President Emmanuel Macron of France is to place the environment at the heart of his European election manifesto as his party seeks to overtake the far-Right and drum up interest in a faltering campaign just three weeks before the crunch vote.
The outspoken Europhile is banking on coming first in the May 26 election for the European Parliament to prove that the “yellow vest” political crisis of the past six months is now behind him and that his plans for an EU “renaissance” are not dead in the water.
Polls suggest he is running neck and neck with Marine Le Pen’s National Rally, both on around 22 per cent, with some placing her up to two points in the lead.
His Republic on the Move party, which has named its European election campaign "Renaissance", was due to is due to unveil its manifesto on Thursday but the 79-point plan was leaked to French media ahead of time.
Among these is a pledge to rule out trade deals with countries which are not signed up to the Paris climate accord, chief among them America after Donald Trump pulled out calling it “bad” for the country. France issued the same objection last month but failed to stop the EU agreeing to start trade talks on industrial goods.
Other green measures include investing “at least a thousand billion euros” in developing “clean energy and transport, to renovate housing and support workers in sectors under transition” by 2024, as well a creating a “European climate bank” to channel EU savings towards the green economy and slapping a carbon tax on EU imports.
Environment issues featured low in Mr Macron’s presidential campaign. He scored plaudits after the election for promising to “make our planet great again” only to suffer a major blow when his environment minister resigned last autumn accusing the government of green washing. He was then accused of punishing poor motorists by slapping a new green tax on diesel and petrol, a move that helped ignite the yellow vest revolt.
In a sign of his green swing, Mr Macron placed the former head of WWF France, Pascal Canfin number two on his EU election list.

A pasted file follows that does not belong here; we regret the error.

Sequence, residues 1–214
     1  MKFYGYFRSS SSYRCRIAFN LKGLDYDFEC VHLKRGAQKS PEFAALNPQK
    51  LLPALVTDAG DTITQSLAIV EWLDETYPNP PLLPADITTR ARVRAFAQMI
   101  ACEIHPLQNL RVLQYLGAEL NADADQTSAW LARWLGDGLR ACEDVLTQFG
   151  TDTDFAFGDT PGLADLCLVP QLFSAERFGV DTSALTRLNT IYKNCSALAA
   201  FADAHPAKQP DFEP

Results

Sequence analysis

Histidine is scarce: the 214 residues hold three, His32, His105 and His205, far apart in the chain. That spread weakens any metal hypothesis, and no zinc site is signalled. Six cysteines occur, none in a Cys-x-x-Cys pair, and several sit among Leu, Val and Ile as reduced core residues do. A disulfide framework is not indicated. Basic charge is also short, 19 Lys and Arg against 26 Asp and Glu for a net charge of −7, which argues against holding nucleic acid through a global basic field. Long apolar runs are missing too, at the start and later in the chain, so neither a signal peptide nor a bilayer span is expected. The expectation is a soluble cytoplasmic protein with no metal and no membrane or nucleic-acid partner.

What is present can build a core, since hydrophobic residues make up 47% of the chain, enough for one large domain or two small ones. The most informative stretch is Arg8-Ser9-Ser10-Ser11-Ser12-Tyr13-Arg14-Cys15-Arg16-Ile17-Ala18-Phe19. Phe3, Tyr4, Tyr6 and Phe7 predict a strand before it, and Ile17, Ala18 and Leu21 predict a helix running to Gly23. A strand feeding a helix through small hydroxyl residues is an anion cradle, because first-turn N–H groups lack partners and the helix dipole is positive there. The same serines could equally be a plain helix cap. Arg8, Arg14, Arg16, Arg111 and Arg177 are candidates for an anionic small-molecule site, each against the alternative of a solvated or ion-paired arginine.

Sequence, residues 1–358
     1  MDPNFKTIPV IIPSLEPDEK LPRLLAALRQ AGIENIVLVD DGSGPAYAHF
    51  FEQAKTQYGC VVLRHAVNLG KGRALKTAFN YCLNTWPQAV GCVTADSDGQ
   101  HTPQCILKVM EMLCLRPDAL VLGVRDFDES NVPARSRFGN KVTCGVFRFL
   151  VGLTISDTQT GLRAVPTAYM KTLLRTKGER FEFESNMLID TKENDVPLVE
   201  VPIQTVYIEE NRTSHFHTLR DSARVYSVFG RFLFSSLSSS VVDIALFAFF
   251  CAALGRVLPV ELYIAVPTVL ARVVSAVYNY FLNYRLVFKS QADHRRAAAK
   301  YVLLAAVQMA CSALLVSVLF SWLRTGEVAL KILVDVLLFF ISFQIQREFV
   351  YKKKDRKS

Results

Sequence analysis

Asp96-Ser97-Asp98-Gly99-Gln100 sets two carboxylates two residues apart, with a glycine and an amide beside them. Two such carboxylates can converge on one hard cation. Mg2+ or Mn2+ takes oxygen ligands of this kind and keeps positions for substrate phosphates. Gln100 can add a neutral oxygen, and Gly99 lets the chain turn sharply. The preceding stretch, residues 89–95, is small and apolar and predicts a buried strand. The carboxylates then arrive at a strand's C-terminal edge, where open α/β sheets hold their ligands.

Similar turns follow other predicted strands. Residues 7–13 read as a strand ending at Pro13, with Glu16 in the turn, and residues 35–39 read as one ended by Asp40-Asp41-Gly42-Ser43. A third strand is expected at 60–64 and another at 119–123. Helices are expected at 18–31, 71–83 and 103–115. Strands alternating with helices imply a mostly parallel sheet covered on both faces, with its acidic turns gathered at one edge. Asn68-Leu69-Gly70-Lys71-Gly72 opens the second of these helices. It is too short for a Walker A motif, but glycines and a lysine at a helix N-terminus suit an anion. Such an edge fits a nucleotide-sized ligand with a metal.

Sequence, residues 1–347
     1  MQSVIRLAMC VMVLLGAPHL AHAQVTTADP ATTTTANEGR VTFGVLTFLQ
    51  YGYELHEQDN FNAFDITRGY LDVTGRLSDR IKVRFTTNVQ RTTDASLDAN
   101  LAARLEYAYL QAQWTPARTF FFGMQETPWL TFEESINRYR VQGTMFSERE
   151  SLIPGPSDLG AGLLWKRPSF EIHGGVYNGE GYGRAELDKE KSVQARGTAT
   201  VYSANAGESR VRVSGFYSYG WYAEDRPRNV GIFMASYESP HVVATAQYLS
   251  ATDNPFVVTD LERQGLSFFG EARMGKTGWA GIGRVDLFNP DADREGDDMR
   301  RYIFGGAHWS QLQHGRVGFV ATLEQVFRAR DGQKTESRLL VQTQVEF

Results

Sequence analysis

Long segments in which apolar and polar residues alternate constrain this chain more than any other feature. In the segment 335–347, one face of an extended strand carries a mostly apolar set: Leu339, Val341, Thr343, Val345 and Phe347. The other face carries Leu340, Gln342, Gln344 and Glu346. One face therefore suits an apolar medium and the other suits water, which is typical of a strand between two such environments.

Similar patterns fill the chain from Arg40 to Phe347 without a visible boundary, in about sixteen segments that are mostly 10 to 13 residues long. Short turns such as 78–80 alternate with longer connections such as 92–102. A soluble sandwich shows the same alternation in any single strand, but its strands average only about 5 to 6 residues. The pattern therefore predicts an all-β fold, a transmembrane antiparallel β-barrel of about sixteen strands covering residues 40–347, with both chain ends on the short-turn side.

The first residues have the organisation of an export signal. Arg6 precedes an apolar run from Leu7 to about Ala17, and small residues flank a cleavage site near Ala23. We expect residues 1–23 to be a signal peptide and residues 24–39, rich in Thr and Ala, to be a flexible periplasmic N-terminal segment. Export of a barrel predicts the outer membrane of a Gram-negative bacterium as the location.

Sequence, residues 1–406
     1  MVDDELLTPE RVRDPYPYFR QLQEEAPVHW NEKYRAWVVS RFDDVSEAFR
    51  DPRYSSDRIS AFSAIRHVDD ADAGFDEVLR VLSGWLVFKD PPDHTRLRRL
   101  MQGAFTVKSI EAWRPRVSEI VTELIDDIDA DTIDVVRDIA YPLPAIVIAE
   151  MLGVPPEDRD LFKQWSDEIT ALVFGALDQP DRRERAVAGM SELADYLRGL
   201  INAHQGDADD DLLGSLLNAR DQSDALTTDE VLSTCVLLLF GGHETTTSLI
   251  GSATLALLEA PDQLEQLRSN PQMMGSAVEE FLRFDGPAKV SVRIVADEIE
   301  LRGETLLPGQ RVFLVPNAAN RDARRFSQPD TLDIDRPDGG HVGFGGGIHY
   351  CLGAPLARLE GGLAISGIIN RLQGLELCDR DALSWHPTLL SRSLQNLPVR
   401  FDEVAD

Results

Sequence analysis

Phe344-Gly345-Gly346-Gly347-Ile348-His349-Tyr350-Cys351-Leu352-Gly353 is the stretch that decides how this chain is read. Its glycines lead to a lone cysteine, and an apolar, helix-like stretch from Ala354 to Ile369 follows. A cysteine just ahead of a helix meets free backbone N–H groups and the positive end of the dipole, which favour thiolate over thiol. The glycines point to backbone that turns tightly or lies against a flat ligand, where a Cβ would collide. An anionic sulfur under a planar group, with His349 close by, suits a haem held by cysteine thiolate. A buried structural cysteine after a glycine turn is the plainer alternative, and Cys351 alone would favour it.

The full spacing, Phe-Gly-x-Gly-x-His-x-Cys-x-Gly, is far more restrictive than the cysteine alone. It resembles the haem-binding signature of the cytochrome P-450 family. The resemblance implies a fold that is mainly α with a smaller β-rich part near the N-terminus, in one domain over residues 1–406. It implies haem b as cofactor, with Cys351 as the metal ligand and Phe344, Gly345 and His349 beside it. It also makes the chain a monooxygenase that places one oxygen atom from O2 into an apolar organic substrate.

Analysts at Teneo Intelligence said: “Macron relies heavily on new, urban, pro-EU middle-class voters…These voters also care for the environment while strongly opposing U.S. President Donald Trump on ideational (sic) grounds.”
Other manifesto measures include taxing digital giants, “advancing towards a European army” and launching a major conference to decide which EU countries wish to forge ahead with deeper integration.
While the official EU election campaign only starts on May 13, candidates have already been touring France and appearing on television.
The Macron camp is suffering from the lacklustre performance of the head of its EU list, Nathalie Loiseau, the former Europe minister, who has made a series of gaffes and underwhelmed during a TV debate.
The prime minister, Edouard Philippe, was drafted in to breathe new life into her campaign at a rally on Monday.
On the other hand, the Le Pen list is being run by a punchy, if inexperienced, 23-year old, Jordan Bardella.
Mr Macron is also taking a hit from the the renascent Right-wing Republicans, whose list leader is a socially conservative, photogenic, Catholic philosopher called François-Xavier Bellamy. A string of “Macron-compatible” centre-Right mayors who the president had hoped to woo, including Nice’s Christian Estrosi, have come out in support of Mr Bellamy who has gained ground in the polls. He is now on around 14 per cent.
Mr Macron is reportedly champing at the bit to get involved himself. On Tuesday night, he made a surprise appearance at a dinner among EU candidates and he may reportedly take part in a campaign rally.
The French president, who appeared on electoral victory night to the strains of Beethoven’s Ode to Joy, the EU anthem, had ambitious plans for greater EU integration with Germany but most of these have failed to progress.
His initial plan to shake up the status quo in the EU parliament by poaching from the main Right and Left groups as he did in France’s National Assembly also looks increasingly shaky.
His vow to fight Euroscepticism and nationalism has placed him on collision course with the likes of Hungary’s Viktor Orban and Italy’s Matteo Salvini while at home his rivals hope to turn the election into a vote against his presidency.